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Lincoln deficit less than budgeted figure


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Lincoln deficit less than budgeted figure
- gratifying result says Vice-Chancellor

A $1.4 million reduction on its budgeted deficit of $2.1 million for the 2001 financial year has seen Lincoln University emerge with an operating deficit for the period of less than a million dollars - $749,000.

“It’s gratifying to be able to present a positive report for 2001 given the challenges that Lincoln and the tertiary sector as a whole faced during the year,” says Vice-Chancellor Dr Frank Wood in the University’s Annual Report just released.

“Against a background of reduced Ministry of Education funding, continuing fees stabilisation policies and a reduction in domestic student enrolment the 2001 result is a respectable outcome.”

Lincoln University has received a wide range of positive feedback relating to its positioning and strategic approach in 2001, reports Dr Wood, and he says that a high
level of involvement with key stakeholder groups during the year as they have gone thorough their own repositioning and development has reflected well on Lincoln’s standing and on the quality and breadth of the partnerships and networks that the University has grown.

Highlights of Lincoln University’s performance in 2001 include research income of $5.569 million, an increase of 18% on 2000, with research income over the last five years almost doubling; 81% of first year students expressed satisfaction with their decision to enrol at Lincoln and 86% of graduates reported satisfaction with the quality of their course of study. Growth in a number of areas including PhD enrolments up 5%, 40% growth in graduate and undergraduate diploma and certificate courses, 4% increase in international student EFTS and 43% growth in regional education enrolments. The launch of the South Island Dairying Development Centre, incorporating the University’s new Research Dairy Farm, is another highlight mentioned by the Vice-Chancellor in the Report.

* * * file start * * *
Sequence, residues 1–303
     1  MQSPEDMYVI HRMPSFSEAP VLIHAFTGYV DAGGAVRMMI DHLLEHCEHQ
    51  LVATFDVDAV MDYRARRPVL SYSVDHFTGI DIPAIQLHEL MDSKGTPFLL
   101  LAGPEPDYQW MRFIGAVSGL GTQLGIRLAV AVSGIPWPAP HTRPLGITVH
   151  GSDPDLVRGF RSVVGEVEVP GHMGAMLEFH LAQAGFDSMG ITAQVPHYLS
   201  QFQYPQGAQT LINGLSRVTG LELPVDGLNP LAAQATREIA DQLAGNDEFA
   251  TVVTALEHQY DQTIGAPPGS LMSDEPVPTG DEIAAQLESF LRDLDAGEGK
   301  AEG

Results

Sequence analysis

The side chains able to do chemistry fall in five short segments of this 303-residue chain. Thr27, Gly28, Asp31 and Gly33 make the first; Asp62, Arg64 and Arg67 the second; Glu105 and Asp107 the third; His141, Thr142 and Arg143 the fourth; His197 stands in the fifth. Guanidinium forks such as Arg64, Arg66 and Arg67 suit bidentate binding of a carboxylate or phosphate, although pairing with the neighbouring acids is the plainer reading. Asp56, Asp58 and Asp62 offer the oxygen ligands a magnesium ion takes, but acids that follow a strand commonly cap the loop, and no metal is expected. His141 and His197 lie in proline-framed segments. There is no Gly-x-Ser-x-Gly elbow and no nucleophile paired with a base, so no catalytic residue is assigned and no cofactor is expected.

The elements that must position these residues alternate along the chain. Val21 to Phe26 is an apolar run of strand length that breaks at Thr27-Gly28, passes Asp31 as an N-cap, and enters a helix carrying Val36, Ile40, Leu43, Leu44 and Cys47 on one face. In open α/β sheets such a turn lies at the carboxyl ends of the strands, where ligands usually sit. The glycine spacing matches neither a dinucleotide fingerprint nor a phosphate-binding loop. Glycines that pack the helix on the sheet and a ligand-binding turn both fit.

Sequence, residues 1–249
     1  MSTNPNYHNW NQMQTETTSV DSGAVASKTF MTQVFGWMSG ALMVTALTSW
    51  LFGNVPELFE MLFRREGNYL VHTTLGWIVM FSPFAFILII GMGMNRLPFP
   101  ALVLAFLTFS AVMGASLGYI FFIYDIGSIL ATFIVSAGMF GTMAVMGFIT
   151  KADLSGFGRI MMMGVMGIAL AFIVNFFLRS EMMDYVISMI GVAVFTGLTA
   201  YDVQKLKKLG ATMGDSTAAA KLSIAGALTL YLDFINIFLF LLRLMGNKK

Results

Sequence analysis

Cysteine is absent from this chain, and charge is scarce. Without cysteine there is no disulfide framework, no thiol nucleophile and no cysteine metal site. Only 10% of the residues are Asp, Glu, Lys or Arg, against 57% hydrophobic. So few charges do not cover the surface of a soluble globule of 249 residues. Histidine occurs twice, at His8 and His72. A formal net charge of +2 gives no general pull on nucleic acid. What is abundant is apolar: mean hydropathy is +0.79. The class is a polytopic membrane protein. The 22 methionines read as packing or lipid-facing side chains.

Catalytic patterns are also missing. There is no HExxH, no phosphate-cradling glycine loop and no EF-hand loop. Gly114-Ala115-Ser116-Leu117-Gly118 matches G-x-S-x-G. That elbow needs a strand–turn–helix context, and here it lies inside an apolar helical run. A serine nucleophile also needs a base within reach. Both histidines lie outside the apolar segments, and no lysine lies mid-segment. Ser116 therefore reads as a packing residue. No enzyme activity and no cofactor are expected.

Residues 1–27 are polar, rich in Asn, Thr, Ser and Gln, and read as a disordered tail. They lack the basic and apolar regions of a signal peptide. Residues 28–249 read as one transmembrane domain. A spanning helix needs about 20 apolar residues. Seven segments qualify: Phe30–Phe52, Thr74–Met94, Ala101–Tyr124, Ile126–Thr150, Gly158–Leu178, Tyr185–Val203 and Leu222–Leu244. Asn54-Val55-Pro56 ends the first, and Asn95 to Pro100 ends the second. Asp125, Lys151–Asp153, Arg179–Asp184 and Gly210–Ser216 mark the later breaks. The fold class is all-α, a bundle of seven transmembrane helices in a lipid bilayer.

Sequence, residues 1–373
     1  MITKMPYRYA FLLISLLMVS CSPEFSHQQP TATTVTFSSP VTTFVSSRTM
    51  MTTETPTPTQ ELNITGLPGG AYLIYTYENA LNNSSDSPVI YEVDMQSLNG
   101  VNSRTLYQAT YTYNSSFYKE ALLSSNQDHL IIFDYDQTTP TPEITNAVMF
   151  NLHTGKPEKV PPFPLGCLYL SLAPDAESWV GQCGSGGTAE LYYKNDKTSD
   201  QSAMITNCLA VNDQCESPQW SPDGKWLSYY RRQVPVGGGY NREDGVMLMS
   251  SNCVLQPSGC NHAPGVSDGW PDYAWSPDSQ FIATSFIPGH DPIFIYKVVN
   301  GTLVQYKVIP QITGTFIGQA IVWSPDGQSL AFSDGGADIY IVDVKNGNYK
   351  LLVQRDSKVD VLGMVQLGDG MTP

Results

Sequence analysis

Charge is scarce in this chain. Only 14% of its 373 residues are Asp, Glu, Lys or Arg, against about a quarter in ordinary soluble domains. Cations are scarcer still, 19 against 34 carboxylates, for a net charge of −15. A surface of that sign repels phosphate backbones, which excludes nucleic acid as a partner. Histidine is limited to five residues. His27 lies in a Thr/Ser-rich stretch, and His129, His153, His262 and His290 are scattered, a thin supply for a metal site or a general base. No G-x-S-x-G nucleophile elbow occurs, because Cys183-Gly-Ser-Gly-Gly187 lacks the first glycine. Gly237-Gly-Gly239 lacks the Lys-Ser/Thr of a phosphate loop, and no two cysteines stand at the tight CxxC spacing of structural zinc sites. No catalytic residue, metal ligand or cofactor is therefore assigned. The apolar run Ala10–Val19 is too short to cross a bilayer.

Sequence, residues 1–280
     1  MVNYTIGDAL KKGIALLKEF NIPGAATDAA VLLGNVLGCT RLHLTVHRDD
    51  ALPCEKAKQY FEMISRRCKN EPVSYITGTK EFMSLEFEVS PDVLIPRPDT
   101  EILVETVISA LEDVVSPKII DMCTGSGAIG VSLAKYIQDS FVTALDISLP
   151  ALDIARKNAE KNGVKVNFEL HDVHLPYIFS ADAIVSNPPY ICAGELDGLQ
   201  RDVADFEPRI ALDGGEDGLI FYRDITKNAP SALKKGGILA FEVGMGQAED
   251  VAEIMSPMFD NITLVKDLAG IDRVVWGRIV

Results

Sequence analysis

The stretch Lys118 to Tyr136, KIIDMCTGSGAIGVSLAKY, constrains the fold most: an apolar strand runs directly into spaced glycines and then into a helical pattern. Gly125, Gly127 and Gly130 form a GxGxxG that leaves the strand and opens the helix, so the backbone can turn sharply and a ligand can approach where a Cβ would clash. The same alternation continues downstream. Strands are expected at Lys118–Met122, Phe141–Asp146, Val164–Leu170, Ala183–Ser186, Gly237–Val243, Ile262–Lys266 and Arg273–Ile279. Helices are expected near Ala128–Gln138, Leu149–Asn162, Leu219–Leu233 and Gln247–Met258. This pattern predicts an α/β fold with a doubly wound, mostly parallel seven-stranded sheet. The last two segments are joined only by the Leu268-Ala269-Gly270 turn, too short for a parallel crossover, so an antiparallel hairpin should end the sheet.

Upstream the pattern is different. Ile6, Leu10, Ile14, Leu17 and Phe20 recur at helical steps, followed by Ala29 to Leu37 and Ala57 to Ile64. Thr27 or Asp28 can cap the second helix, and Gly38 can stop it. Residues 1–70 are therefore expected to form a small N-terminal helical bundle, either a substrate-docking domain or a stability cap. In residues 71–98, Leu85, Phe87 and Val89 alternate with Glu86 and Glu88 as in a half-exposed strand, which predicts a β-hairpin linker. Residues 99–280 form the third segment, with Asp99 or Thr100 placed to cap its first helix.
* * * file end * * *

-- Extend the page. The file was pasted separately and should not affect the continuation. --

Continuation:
“Being a small university has provided advantages during these times of change,” he says. “We have been able to move quickly and be proactive in developing new activities. We have been able to redevelop and personalise external associations and partnerships. Perhaps above all, we have been able to hold closely to our values in supporting our widely acknowledged focus on student relationships and the student learning environment.

“I believe that these features will become increasingly relevant as tertiary sector models and policies unfold over the next few years.”

The impact of the TEAC reports on Lincoln is also mentioned by the Vice-Chancellor in the Report and he says it was “disappointing from a Lincoln perspective, to see that the fourth and final TEAC report did not deliver clear funding directions”.

Dr Wood concludes his commentary with a reference to Lincoln’s 125 years of tertiary teaching.

“Next year as Lincoln University celebrates its 125th anniversary, we will reflect on the huge contribution that Lincoln has made to the economic and cultural development of New Zealand. Those contributions can only grow as the competitive advantage of industries, technologies and education initiatives based on the environment, biological systems and sustainable business models become more important to New Zealand.”


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